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Walmart Wants to Be Your One-Stop Pet Care Shop

By Jeremy Bowman – May 7, 2019 at 2:57PM

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The retail giant is adding veterinary clinics, expanding its pet products, and opening an online pet pharmacy.

Would you consider making your next vet appointment at Walmart (WMT 1.65%)?

The world's largest retailer hopes so, and it's making a renewed push into the pet care market over the next year, complete with an expanded selection of organic and natural pet foods, a new online pet-care pharmacy, and 79 additional veterinary clinics at select stores around the country.

It shouldn't come as a surprise that Walmart sees opportunity in the pet care market. The nature of pet products (which can be bulky) lends itself to e-commerce. Walmart is seeking ways to leverage its investments in e-commerce -- including offering free two-day shipping with a $35 minimum and no membership fees -- and this is a good option to explore.

As more of its sales shift online, Walmart is also looking for ways to repurpose its in-store space. Offering veterinary clinics is a smart way to drive traffic to stores and devote real estate to a business that can't be outsourced online. CVS Health and Walgreen Boots Alliance have made similar moves with their stores, converting retail space into health clinics.

A dog and a cat looking at the camera.

Image source: Walmart.

The $72.6 billion pet care market has been steadily outpacing broader economic growth and presents a distinct revenue opportunity for Walmart. Pet product sales are one of the most resilient segments in the American economy. According to the American Pet Products Association, pet industry spending has doubled since 2005, growing at a compound annual growth rate of 5.5%. That's well ahead of GDP or general retail sales growth rates over the same period.

That growth in pet spending looks to continue into the future. In its announcement, Walmart cited a recent TD Ameritrade study of millennials that estimated they spend an average of $1,285 a year on their dogs and $915 on their cats. Odds are good that the spending will only grow as they get older.

The category is also one of the few that has managed to grow even in recessions, as it has done during the last three financial downturns. Even in tough times, Americans don't want to skimp on pet care, because they often see their pets as members of the family.

What Walmart is planning

Let's take a look at what Walmart has in store:

WalmartPetRx.com: Walmart is launching its first online pet pharmacy, WalmartPetRx.com. The online drugstore offers low-cost prescriptions from more than 300 brands for a wide range of conditions, and the meds will be available with free two-day shipping with a minimum order of $35. Walmart is also adding the top 30 most-requested pet meds to its more than 4,500 in-store pharmacies, giving an option to pet owners who need to get their prescriptions that day.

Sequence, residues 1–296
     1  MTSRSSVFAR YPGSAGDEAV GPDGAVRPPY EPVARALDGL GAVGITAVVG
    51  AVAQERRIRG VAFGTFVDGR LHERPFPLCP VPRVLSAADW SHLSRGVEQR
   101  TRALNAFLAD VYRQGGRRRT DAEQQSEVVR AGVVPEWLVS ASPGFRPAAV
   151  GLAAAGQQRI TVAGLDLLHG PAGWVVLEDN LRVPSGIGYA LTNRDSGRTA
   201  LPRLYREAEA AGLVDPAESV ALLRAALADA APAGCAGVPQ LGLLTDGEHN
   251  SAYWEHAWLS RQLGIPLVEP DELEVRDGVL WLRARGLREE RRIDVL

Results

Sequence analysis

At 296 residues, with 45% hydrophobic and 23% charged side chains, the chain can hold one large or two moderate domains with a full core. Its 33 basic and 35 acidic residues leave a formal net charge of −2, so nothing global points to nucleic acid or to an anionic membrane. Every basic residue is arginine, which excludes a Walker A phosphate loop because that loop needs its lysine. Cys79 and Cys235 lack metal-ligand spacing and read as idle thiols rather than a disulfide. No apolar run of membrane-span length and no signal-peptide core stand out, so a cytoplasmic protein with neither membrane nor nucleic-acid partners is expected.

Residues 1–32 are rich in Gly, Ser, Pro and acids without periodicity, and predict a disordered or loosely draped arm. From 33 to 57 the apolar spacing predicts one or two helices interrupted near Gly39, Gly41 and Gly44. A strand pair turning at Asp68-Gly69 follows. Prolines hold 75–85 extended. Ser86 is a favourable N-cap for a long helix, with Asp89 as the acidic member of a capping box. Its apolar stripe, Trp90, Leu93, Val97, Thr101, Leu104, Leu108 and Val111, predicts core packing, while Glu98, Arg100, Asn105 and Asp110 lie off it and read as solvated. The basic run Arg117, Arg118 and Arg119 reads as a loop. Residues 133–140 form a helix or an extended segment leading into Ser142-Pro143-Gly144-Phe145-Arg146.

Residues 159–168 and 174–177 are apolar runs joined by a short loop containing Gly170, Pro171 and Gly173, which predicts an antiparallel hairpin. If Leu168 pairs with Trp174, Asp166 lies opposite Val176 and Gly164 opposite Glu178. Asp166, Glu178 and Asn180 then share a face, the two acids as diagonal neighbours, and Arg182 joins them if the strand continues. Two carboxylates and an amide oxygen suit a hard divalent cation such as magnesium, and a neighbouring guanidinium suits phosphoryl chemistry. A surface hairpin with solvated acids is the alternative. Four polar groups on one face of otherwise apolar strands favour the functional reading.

Going organic: It's not just humans that are eating organic these days. Increasingly, pet owners are opting to feed their pets foods containing naturally raised and grown ingredients without artificial additions. Organics popularity in pet products has been evident for a while now. It's part of what led to General Mills' $8 billion acquisition of Blue Buffalo last year, what helped Freshpet stock surge 400% over the last three years, and what encouraged Chewy.com's upcoming IPO. Walmart is finally tapping into the interest as well.

The retailer has added more than 100 new pet food brands, including premium labels like Blue Buffalo, Greenies, and Hill's Science Diet. It has also developed its own private-label brands that offer similar-quality products at a lower price.

Veterinary clinics: In-store vet clinics may be the biggest opportunity to come out of Walmart's new pet care strategy. The company notes that 68% of Americans own pets, and 90% of Americans live within 10 miles of a Walmart. That works out to an estimated 200 million pet owners living within a short driving distance of one of its stores.

To seize on that opportunity, Walmart is expanding on its current base of 21 clinics in six states, adding nine new ones over the next two months with plans to total 100 clinics over the next year. Walmart says its clinics will save customers as much as 40% to 60% on vaccines, exams, and minor illness treatment packages. For customers, that could represent hundreds of dollars in savings in a single vet appointment.

Potentially a smart move

Walmart's strategy could have significant implications for a wide range of competitors, including independent veterinary clinics, dedicated pet retailers like Petco and PetSmart, and online operators like Chewy.com and PetMed Express (PETS 2.32%).

While those competitors could respond directly to Walmart's intrusion, Walmart's size and vast customer base give it a significant advantage in any battle where price, convenience, and accessibility are important. Furthermore, niche brands like Greenies are likely salivating at the opportunity to get into Walmart's network of nearly 5,000 stores across the country, where they'll be in front of millions of new potential customers.

Walmart is making a clever move here. It's leveraging its unique set of assets -- a massive store base, e-commerce network, and economies of scale -- to deliver a combination of products and services that even Amazon can't match. That's worth a celebratory woof or two from investors.

John Mackey, CEO of Whole Foods Market, an Amazon subsidiary, is a member of The Motley Fool’s board of directors. Jeremy Bowman owns shares of Amazon and CVS Health. The Motley Fool owns shares of and recommends Amazon. The Motley Fool recommends CVS Health. The Motley Fool has a disclosure policy.

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